The first thing that impressed me about Santiago was the architecture. While resembling European and Spanish style it still has a flavor all its own. Definitely not the typical Caribbean structures. It is sad that so many are in disrepair. There are obvious signs (hanging laundry for one) that some of the buildings/homes which look uninhabitable still have residents in them.

Santiago served as the capital of Cuba for almost 100 years before the Spanish decided to shift it to Havana in 1607. Because of its location on the southeast end of Cuba, it became a major trading post for slaves from West Africa, Haiti, and Jamaica.

Monument to 71st New York
The backdrop to Santiago de Cuba is the Sierra Maestra mountains where Fidel Castro hid while assembling his supporters for the revolution to come.

An interesting note: The city is 41 miles away from Guantanamo Bay which was established in 1903. The area is 43 square miles and an 8 mile long cactus wall was planted in an effort to keep Cubans from sneaking in and asking for sanctuary. It is the only place in Cuba that has any fast food franchises. The song Guantanamera is actually from a poem written by Jose Marti one of Cuba's heroes and speaks of a peasant girl from Guantanamo.

In 1898, Theodore Roosevelt and his Rough Riders among several other troops arrived in Cuba and fought the Spanish in a place now known as San Juan Hill. Our guide said it is actually San Juan Heights. It is an elevated area above the city. There were no horses for the Rough Riders as they could not travel with them. The hill was taken and eventually the city when the Spanish fleet was defeated by the US Navy.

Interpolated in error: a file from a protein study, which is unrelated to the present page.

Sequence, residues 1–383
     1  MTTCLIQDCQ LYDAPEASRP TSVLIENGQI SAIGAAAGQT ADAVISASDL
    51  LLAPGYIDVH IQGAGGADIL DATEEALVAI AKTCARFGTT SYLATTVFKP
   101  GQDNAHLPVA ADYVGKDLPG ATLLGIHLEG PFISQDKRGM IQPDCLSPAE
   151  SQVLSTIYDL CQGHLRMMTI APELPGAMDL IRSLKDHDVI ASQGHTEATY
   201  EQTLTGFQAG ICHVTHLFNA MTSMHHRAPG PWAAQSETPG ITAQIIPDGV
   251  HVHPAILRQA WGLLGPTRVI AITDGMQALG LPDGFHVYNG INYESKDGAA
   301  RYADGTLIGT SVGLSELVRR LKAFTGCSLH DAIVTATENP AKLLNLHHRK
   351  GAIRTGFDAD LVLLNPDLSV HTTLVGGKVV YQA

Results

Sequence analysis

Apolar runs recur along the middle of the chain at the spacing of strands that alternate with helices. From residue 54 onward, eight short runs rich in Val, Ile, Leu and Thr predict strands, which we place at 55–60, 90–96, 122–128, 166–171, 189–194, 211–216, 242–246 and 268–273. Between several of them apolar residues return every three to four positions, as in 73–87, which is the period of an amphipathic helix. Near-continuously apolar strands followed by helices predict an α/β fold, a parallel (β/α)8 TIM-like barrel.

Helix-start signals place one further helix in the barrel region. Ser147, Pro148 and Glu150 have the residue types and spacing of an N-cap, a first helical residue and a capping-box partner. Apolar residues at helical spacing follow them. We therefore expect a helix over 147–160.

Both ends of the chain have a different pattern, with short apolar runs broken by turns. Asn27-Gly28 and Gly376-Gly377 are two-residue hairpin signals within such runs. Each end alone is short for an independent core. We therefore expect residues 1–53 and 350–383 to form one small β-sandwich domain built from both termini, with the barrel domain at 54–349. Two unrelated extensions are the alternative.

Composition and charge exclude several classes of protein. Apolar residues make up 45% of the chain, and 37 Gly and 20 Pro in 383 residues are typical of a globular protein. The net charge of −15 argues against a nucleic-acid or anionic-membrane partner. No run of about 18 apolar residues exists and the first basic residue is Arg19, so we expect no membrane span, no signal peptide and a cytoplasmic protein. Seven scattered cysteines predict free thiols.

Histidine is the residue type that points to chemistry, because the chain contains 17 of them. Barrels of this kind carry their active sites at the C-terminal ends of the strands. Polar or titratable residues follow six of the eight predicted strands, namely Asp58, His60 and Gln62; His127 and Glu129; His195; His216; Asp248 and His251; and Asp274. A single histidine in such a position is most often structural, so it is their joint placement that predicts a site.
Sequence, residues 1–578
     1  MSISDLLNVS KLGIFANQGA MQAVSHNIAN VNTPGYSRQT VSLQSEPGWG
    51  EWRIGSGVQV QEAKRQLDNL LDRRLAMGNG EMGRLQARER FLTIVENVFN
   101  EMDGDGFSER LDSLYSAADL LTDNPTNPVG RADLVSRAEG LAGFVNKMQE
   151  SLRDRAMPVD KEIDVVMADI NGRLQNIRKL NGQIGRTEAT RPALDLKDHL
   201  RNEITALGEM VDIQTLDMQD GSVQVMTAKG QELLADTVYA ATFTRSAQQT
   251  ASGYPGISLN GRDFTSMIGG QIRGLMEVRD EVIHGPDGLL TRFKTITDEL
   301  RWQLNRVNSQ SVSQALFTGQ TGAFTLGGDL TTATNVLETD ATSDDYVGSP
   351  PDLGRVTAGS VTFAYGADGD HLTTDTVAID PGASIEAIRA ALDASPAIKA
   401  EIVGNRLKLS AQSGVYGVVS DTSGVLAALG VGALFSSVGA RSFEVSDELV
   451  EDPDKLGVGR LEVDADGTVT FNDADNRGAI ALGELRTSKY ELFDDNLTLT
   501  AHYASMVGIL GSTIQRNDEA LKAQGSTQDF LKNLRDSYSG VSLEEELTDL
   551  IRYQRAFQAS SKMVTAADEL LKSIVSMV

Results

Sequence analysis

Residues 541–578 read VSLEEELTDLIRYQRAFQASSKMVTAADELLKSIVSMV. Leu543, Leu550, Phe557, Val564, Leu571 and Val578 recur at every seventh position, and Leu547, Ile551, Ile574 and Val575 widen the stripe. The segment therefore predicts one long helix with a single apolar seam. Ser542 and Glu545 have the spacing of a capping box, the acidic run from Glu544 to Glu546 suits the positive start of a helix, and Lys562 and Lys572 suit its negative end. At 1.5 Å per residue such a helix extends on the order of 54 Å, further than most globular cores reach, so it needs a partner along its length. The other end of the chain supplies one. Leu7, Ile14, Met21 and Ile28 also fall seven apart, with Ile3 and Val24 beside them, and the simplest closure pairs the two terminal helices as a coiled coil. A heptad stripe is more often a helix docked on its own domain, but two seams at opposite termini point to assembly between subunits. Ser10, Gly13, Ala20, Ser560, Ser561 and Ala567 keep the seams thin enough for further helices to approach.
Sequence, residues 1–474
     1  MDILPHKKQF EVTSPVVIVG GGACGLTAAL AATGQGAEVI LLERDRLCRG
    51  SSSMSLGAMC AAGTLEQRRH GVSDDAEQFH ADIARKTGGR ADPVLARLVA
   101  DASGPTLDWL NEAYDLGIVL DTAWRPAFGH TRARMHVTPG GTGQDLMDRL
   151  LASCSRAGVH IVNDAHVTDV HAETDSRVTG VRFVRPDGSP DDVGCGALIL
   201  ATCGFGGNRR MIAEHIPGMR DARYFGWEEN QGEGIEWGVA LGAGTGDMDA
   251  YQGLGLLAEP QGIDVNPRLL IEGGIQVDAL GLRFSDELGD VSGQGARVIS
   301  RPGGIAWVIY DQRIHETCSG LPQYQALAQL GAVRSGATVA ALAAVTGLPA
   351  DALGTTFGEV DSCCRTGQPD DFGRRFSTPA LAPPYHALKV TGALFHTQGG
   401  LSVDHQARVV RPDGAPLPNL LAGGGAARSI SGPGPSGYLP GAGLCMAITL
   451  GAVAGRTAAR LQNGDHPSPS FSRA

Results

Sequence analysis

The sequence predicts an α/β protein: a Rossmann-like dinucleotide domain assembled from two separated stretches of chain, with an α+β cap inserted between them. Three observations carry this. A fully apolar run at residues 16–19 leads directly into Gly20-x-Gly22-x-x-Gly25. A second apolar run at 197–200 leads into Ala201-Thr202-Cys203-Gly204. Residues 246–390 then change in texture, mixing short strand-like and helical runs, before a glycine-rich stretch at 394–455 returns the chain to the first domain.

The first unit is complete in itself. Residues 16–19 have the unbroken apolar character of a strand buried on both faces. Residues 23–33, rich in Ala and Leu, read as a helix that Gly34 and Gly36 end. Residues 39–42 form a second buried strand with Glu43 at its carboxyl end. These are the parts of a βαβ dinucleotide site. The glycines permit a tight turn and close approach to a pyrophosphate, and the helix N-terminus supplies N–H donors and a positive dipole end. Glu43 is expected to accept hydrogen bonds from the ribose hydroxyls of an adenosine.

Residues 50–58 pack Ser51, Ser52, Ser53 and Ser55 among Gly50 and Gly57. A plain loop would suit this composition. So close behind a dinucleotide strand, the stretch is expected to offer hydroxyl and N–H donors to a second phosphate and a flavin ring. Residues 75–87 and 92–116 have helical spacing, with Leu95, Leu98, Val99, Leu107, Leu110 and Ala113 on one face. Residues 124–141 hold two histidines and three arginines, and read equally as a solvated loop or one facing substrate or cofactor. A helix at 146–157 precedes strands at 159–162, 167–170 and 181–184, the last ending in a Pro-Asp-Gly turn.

Cuban Soldier Memorial
Fidel Castro and Jose Marti are both buried in Santiago. When Castro began his revolution and came down from the mountains, he took Santiago first and then marched across Cuba to Havana when independence was declared. When Castro died, his remains were taken over land retracing his steps back to Santiago where it all started. We only saw pictures of his grave since our tour did not stop at the cemetery. It is just a plain large rock with his name on it. He did not want a monument.

Speaking of monuments, we learned that if a rider's horse has his fore feet in the air it means the rider died in battle. (Tuck that away for a trivia game.)